• Talk to your neighbor and see if they can check in on your dog during the day (alternately, hire a pet sitter/walker). These folks can let your dog out to relieve themself and give a few belly rubs. 

  • Keep in touch with your veterinarian. If your dog shows signs of anxiety, there are lots of natural products to help pets feel more calm + comfortable, Pia says. In the event they need something stronger, your vet can prescribe the appropriate medication.

Image: Pixabay.com


Is Your Older Dog Having Trouble Walking Around?

Animal-3075861_1920As dogs age, they are susceptible to aches, pains, joint inflammation and muscle loss, much like humans. Older dogs may also suffer from various conditions that can make walking around difficult. Writing for PetPlace, veterinarian Dr. Debra Primovic discusses mobility problems in older dogs and what you can do to help with them at home.

She writes that some of the more common reasons for mobility problems include hip dysplasia, osteoarthritis, and intervertebral disc disease, all of which she describes. Among her tips for improving an older dog's mobility at home are:

  • Create a regular exercise routine
  • Use natural remedies or, when needed, NSAIDs prescribed by a veterinarian
  • Maintain a healthy weight
  • Be thoughtful about your floors
  • Maintain proper hygiene
  • Enlist the help of mobility aids.

Check out her helpful article for more details about all of the above. You'll find it here.

Image: Pixabay.com


What is Really Bad for Your Dog?

Pug-801826_1920Did you know that xylitol, a sweetener that may be found in such common items as candy, toothpaste and even peanut butter, is toxic to dogs? Or that grapes and raisins can cause kidney failure in dogs? Even milk and cheese can be harmful to adult dogs.

For a very comprehensive updated list of dog toxins reviewed by a veterinarian, check this out from BetterPet: https://betterpet.com/bad-foods-for-dogs/

This list contains 22 people foods that are bad for dogs as well as 29 toxins that are found around the house -- dangers in the bathroom, garage, utility room, laundry room and in other areas, as well as outside in your yard. Plus, as a bonus, you'll find a listing of healthy foods and superfoods that are the healthiest super snacks for your dog.

Want to keep your dog safe and healthy? Read the list!

Image: Pixabay.com


Free Guide: Keeping Your Dog Happy at Home

Screen Shot 2020-05-04 at 3.43.53 PM
WoofReport.com has published Your Essential Guide to Keeping Your Dog Happy at Home. This handy publication has "top tips for sheltering in place with your dog... and how to prep for what come's next."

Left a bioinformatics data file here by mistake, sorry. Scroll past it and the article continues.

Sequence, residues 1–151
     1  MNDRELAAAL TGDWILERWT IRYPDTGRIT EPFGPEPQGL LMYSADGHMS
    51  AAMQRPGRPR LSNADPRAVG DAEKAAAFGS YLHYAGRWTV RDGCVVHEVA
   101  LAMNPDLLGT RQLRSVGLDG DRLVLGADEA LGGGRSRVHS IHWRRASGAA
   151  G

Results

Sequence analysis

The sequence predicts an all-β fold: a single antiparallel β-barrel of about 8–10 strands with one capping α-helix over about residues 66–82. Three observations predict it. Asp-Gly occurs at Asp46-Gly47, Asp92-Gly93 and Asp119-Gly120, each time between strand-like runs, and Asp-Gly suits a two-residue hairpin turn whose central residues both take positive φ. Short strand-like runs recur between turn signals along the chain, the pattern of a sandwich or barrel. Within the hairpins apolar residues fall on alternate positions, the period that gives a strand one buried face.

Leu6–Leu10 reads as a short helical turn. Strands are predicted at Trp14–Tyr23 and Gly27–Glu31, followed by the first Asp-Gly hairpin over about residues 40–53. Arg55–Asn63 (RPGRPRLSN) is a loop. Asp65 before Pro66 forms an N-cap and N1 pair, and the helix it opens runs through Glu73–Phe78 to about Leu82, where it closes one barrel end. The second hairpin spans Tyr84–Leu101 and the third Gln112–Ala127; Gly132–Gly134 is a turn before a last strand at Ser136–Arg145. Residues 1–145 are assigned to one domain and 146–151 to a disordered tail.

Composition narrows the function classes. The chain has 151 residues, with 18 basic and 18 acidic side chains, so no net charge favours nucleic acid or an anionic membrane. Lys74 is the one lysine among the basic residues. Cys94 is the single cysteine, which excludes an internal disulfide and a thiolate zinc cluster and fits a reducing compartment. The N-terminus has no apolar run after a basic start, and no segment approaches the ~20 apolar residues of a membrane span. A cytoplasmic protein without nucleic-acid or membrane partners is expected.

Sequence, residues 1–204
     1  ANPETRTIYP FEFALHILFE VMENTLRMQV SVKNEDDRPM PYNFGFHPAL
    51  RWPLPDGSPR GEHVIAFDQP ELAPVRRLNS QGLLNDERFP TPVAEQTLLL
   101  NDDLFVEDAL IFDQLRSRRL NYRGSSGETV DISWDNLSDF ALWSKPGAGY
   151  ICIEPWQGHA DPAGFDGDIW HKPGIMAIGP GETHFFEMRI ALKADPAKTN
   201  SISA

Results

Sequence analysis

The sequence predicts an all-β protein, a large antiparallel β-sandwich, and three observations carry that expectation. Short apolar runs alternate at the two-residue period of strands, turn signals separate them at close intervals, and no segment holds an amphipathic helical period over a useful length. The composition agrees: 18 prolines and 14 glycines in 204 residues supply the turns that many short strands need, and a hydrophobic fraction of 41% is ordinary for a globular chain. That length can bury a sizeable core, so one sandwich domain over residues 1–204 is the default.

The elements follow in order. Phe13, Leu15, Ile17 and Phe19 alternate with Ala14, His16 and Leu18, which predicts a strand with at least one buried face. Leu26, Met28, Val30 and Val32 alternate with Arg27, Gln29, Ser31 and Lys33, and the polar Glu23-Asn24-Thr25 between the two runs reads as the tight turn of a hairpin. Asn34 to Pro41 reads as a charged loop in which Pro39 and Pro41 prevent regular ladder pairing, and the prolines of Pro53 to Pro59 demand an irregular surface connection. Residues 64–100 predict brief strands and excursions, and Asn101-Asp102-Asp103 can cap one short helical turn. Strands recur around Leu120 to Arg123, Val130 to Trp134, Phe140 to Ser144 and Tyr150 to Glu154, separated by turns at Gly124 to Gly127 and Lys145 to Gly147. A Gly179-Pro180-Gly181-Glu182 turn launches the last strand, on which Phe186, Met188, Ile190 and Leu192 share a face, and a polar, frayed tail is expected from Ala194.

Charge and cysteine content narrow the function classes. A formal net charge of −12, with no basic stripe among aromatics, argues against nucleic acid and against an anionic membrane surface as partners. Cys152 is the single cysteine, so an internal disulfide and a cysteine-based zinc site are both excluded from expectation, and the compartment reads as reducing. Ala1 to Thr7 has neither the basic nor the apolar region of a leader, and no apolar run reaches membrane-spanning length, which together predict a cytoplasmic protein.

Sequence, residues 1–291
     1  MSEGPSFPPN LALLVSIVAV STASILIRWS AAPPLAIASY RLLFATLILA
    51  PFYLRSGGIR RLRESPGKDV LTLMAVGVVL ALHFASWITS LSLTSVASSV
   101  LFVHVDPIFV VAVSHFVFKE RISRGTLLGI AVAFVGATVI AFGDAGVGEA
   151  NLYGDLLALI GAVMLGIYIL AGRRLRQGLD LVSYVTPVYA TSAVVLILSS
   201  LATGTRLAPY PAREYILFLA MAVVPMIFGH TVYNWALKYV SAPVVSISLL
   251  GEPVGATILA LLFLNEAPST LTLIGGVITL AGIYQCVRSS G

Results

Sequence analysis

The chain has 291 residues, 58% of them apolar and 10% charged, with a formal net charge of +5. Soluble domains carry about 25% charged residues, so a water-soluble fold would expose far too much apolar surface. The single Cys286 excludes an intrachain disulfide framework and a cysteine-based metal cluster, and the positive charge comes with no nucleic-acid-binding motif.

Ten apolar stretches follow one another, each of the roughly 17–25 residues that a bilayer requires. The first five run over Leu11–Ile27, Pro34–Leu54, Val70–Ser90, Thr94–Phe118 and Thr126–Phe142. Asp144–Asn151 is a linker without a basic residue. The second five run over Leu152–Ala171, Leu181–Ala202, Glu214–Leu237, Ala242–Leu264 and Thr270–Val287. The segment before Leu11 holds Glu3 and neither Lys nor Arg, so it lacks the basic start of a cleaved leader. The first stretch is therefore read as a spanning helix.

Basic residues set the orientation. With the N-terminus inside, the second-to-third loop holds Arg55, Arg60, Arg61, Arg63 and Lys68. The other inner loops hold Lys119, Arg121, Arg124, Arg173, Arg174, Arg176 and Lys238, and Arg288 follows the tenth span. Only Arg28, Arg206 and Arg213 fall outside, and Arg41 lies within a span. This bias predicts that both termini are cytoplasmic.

The guide includes:

  • Tips to keep your dog happy and healthy
  • Fun activities to entertain and engage your dog
  • At-home activities just for dog lovers.

The guide is loaded with helpful information. Get your free guide here:

https://www.woofreport.com/wp-content/uploads/2020/05/Woof-Report-Happy-Dogs-at-Home.pdf


Everything You Need to Know About CBD Oil for Dogs

Guest Post by Chele

Dog-4432830_1920Description: CBD oil has taken the health and wellness industry by storm. It’s natural that healthy-lifestyle loving people would want to share their new-found diet supplements with their pets. And so, CBD oil for dogs appeared.

What Is CBD Oil For Dogs?

CBD or Cannabidiol is a compound found in hemp - a type of cannabis plant. Being legal in 50 states in the US, hemp is unlike its sister compound, marijuana, and does not cause intoxication. CBD was extracted from hemp to create all-natural health products for humans initially, but now you can find CBD oil for dog products as well. There are many benefits that supplementing with CBD oil for dog products can bring to your best friend’s diet. Let’s take a look at what CBD oil is used for specifically.

Benefit 1: Anxiety 

CBD oil for anxiety is a well-known treatment among humans, and it’s no different among canines either. If your little furry friend is a shelter-dog and has a history of abuse (which causes anxiety), CBD oil is likely to be a great treatment. Likewise, if your dog gets stressed about car trips, going on trains, visits to the vet, or anything else - a CBD oil for dogs product is a good choice. It is a well-known fact that CBD oil for dogs supplements can help with general neurological health and emotional well-being. 

Benefit 2: Cancer

Wow, not holding back here, are we? Well, there are whispers that one of the CBD oil benefits is that it can help with the treatment of this serious disease. This is a MASSIVE claim, and definitely too serious for this article (please consult a veterinarian). We’re just reporting that ‘yes, indeed’, using CBD oil for dogs with cancer has been claimed as an option. 

Benefit 3: Immune System

The CBD origin came into the health industry because of its anti-inflammatory benefits and the ability to help stimulate the immune system. So, CBD oil for dogs is great for supporting, healthy heart, joint, and skin function. An all-round winner!

How To Administer CBD Oil For Dogs

Your fur-babies can get their dose of CBD in a variety of ways. There are capsules and droppers as standard, but some dogs might refuse to take the supplement in this way due to taste. Most pet shops stock CBD-infused treats, so you can feed your dog the supplement, like any other medicine. Lastly, there are topical options for CBD oil for dogs. If you’re looking to target their fur, skin, and joints, topical cream or oil might be the best option.